Once you’ve been writing HTML for a while, you may come across the term “semantic HTML.” But what does that really mean?
What is Semantics?
You may have heard the phrase “that’s just semantics” used as a way to dismiss an argument or otherwise minimize the importance of something someone says, but semantics can be important to your website. Understanding semantics as it applies to HTML can save you time and money in the long run.
In web design, semantics is concerned with the meaning of the tags and attributes that you use to build your web pages. In other words, semantic HTML is HTML that contains meaning in and of itself, beyond any content that it might be marking up. Semantic HTML lets the browser understand what the tag contains, and so will you.
Here is a hypothetical example of HTML if it were written with all the tags differentiated by numbers:
<tag4>Now is the Time</tag4>
<tag6>Now is the Time</tag6>
<tag7>For all good people…</tag7>
This is pretty difficult to understand, right? Web browsers could have been programmed to read the above faux HTML just as easily as they read real HTML.
Here’s the same web page written in real HTML:
<title>Now is the Time</title>
<h1>Now is the Time</h1>
<p>For all good people…</p>
This is much easier to read and understand, even if you don’t know HTML. You can make guesses about what the content is because of the HTML tags surrounding it. Let’s look at it line by line:
Line 1: <!doctype html>
You may not know what the word “doctype” means, but if you were to guess, you might think it meant “document type” and this is followed by HTML. So this line probably means that the document is an HTML document.
Line 2: <html>
Even if you didn’t understand the first line, this line confirms that we’re working with an HTML document.
Line 3: <head>
This may not be clear immediately, but it obviously means something to do with the “head” of the document, perhaps the brains.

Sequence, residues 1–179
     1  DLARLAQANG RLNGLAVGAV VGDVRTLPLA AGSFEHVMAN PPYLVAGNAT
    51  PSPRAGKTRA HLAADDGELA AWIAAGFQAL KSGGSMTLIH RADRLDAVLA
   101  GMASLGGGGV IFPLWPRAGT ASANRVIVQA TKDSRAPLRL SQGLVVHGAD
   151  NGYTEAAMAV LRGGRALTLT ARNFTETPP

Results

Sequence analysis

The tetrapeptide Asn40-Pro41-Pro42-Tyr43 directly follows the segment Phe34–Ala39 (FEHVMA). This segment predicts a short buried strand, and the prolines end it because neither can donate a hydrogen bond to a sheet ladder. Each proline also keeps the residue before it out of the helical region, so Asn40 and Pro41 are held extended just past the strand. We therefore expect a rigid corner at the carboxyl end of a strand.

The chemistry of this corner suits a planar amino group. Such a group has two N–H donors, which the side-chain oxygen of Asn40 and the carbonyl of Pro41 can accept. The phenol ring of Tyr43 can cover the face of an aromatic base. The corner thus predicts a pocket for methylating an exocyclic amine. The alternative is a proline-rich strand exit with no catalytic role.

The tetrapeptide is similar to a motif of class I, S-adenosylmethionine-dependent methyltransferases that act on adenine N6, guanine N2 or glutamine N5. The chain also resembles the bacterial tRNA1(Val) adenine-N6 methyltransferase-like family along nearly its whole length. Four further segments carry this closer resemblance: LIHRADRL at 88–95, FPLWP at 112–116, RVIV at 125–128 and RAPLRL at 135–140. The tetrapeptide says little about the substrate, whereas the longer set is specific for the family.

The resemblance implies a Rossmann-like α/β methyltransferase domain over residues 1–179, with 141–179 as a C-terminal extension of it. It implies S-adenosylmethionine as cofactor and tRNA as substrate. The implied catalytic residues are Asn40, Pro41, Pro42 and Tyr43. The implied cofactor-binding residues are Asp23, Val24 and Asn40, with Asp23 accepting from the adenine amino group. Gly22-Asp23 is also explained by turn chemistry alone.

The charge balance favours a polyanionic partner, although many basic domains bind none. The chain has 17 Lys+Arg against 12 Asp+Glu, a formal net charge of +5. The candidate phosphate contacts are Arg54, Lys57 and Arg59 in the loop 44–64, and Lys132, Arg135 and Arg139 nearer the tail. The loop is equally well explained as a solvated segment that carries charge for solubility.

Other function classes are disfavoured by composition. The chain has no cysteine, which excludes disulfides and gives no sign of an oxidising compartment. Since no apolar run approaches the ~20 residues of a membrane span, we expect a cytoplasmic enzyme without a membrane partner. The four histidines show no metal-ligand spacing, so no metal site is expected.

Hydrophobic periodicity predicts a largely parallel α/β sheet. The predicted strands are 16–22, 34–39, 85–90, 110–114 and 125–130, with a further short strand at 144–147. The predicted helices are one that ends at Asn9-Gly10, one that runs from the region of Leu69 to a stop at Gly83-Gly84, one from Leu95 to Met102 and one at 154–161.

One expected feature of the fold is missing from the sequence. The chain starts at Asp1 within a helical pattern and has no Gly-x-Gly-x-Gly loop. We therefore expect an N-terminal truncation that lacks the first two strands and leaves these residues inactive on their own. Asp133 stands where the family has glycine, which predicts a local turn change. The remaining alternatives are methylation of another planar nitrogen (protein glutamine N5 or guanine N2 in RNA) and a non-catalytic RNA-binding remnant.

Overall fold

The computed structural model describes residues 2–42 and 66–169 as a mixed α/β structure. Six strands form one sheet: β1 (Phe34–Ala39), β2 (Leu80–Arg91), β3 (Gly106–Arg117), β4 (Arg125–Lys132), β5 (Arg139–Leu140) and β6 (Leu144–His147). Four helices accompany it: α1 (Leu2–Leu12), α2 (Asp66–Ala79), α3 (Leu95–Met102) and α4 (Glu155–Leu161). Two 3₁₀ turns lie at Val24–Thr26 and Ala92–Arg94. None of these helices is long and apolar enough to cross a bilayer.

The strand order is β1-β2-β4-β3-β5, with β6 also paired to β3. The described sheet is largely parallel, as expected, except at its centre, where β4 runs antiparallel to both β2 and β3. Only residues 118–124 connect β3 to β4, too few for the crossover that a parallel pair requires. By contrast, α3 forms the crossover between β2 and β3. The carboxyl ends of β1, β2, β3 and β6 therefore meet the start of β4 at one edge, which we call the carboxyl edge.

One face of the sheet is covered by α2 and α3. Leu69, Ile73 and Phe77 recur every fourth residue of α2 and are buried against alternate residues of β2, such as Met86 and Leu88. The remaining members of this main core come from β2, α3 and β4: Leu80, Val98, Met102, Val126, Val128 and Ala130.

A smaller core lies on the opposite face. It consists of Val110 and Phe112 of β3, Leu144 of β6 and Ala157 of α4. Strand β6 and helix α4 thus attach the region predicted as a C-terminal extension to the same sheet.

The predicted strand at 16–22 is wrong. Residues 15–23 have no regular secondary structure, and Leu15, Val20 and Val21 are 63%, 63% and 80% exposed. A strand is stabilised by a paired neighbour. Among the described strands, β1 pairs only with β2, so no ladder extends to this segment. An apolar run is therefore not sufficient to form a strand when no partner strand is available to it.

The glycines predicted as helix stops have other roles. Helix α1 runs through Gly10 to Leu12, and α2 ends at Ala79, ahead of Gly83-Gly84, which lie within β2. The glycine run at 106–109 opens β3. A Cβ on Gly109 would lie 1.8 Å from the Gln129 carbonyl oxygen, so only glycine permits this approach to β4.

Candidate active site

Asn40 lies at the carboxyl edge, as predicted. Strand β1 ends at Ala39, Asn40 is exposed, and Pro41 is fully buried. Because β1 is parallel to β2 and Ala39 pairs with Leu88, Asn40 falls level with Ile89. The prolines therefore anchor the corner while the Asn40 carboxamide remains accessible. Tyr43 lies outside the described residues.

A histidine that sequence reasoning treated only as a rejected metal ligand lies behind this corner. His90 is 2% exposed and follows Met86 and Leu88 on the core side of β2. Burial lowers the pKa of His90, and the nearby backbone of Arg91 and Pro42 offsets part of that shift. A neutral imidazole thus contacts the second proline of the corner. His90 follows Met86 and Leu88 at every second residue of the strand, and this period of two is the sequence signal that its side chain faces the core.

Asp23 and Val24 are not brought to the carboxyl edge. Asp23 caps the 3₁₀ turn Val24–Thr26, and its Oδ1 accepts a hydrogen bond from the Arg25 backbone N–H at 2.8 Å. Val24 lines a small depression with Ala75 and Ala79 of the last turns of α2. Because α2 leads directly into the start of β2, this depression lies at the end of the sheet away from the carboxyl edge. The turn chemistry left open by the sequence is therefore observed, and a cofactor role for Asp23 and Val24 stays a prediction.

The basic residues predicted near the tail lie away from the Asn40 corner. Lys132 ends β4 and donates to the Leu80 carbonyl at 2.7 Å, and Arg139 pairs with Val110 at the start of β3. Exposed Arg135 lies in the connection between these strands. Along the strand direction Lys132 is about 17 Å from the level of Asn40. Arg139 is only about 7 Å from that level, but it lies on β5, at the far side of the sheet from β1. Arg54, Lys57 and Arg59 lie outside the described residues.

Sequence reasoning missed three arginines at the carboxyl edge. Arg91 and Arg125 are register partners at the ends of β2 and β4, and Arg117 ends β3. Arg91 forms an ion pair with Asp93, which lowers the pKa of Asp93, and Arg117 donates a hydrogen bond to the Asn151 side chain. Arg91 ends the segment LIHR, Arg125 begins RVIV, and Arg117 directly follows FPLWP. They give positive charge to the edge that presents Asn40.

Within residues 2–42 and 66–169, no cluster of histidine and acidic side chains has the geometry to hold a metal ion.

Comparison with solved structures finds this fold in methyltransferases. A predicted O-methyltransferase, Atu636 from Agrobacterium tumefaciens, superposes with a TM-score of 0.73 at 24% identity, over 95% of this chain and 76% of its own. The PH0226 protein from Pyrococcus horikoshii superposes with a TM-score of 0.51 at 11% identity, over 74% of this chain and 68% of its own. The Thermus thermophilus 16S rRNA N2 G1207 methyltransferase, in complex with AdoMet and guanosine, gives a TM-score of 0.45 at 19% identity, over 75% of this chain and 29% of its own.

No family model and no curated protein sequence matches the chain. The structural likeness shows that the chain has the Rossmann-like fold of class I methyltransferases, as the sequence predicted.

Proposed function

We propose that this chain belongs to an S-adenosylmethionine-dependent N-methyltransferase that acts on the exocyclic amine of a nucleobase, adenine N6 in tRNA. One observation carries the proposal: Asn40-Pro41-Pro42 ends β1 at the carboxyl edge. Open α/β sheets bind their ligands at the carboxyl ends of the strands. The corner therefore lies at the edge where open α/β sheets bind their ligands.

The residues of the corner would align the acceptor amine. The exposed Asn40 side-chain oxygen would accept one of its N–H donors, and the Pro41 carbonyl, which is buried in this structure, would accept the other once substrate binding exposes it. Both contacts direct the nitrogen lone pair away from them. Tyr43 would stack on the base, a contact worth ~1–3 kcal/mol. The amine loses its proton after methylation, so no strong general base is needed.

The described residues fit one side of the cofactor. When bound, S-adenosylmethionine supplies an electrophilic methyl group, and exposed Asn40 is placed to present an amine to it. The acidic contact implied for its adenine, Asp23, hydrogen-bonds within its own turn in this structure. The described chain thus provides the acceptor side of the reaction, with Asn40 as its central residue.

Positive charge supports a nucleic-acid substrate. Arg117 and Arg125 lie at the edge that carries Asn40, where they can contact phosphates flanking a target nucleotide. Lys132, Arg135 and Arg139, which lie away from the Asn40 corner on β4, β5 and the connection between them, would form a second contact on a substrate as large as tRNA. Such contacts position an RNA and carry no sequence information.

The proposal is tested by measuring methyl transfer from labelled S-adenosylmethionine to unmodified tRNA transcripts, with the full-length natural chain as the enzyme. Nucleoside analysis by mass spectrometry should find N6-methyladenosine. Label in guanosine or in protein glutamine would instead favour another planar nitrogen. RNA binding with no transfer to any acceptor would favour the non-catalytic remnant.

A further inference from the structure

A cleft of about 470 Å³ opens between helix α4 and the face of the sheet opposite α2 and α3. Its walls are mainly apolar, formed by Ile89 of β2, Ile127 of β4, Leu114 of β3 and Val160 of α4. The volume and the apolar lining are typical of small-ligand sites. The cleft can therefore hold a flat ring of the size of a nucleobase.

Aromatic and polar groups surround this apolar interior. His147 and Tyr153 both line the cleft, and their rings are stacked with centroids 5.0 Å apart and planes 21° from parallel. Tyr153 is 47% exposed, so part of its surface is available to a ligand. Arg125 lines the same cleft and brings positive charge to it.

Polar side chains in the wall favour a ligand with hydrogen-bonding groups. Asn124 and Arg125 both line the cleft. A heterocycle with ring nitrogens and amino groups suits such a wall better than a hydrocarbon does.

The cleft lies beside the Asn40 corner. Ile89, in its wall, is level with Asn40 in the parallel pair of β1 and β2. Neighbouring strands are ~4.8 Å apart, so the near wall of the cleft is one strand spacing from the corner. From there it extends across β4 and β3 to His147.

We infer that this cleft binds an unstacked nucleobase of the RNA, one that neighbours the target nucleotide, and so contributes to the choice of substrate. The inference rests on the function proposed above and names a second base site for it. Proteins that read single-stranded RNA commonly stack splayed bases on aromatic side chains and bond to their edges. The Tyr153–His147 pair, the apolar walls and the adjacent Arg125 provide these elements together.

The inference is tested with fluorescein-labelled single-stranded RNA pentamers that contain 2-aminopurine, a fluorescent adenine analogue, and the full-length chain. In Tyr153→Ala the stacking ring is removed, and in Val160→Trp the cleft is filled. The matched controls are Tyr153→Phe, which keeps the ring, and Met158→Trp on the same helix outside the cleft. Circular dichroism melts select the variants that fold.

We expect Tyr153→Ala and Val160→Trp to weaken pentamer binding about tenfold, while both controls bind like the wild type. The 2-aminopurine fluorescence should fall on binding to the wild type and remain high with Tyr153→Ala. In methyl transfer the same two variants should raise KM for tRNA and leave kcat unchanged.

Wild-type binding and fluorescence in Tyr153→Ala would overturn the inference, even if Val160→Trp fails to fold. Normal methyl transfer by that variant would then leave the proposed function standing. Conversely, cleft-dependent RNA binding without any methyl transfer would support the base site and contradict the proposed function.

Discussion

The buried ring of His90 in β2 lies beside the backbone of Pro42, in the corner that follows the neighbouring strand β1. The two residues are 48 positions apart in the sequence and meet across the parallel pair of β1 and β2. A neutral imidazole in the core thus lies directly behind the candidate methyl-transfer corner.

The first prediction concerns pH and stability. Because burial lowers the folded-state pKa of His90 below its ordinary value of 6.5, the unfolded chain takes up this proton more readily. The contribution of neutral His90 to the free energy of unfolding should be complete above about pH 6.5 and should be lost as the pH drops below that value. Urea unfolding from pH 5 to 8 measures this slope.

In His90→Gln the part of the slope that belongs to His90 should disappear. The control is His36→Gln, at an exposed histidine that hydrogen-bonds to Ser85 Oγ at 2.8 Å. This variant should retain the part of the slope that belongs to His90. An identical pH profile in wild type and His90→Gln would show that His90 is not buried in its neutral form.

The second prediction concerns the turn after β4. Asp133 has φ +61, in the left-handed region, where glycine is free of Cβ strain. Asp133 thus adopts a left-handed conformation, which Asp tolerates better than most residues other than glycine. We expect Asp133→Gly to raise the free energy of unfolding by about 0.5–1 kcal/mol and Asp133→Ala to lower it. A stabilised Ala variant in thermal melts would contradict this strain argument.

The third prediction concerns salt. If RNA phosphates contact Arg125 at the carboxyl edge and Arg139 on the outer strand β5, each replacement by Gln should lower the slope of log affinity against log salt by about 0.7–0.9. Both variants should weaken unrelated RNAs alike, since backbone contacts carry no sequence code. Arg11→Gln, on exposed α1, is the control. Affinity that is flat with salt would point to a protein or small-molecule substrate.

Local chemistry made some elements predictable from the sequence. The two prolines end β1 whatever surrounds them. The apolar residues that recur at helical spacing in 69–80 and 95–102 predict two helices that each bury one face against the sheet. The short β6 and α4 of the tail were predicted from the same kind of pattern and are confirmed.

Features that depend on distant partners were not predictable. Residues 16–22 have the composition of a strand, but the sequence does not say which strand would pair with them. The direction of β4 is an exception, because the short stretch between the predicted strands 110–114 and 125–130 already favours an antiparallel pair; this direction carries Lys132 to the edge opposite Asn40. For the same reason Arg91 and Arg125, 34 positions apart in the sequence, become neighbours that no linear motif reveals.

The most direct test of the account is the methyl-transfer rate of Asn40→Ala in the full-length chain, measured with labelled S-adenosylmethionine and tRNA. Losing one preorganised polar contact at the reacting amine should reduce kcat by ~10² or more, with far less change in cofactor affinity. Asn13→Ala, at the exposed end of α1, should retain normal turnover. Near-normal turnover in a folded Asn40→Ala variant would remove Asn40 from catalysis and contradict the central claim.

Line 4: <title>Now is the Time</title>
This is the first really semantic tag you see in the document, even though the above tags are reasonably understandable. It’s clear that the title of the document is “Now is the Time.” This line also gives you a clue as to how HTML is structured, as you can see the closing tag right there.
Line 5: </head>
We learned about closing tags in line 4, so it’s clear that this is the end of the head information for the page.
Line 6: <body>
This is probably the beginning of the main focus or body of the web page.
Line 7: <h1>Now is the Time</h1>
This is a repetition of the title, but the tags surrounding the text aren’t terribly clear. Once you understand HTML you’ll recognize this as a level 1 headline, but the semantics are poor on this tag.
Line 8: <p>For all good people…</p>
This is another tag that you will recognize as semantic once you know HTML better. And it might be more obvious what it is in a longer page with more of them. This is a paragraph tag. It might have been more semantic if it was written <paragraph>.
Line 9: </body>
Here we have the end of the body of the page.
Line 10: </html>
And finally the end of the document itself.
As you can see, a tag like <body> has a lot more meaning in and of itself than <tag5>.
This is semantic HTML. Semantic HTML is HTML that provides meaning to the content it contains.
Why is Semantics Important for HTML?
Semantic HTML makes your web pages easier to read and understand. While most of your customers won’t ever see the HTML tags, the browsers will and they can make adjustments based on the tags to make the content display more effectively.
For example, in HTML 4, you could only embed video and audio using non-semantic <object> tags. The browser knew that the element was an object of some type, but not what it was.
An object could be almost anything, and the browser wouldn’t know until it started to try and display it. But with the new semantic <video> and <audio> tags the browser will know immediately what it has to download. If the browser doesn’t support video, it knows before it starts to download the file, which saves the customer time.
But semantics can also save you money. Web pages need to change to stay current. When a page is marked up semantically the next web designer to edit it can tell almost at a glance what the page has on it, without needing to read any of the content. This saves time, and gets the designs built more quickly, which saves money.
Plus, just like browsers, web designers can use semantic HTML to design their pages better. If you have code samples in your documents, you can add line numbers to them automatically if you use the <code> tag around them. You can put gorgeous graphical quotation marks around <blockquote> elements.
And there will probably be additional features that come out in the future for semantic elements. For instance, a tag like <address type=”skype”> might allow for direct video calls embedded in web pages. Using semantic HTML tags future-proof your web designs and ensure that your meaning is understood.
Semantic HTML Tags in HTML5
The following table shows the semantic tags in HTML5.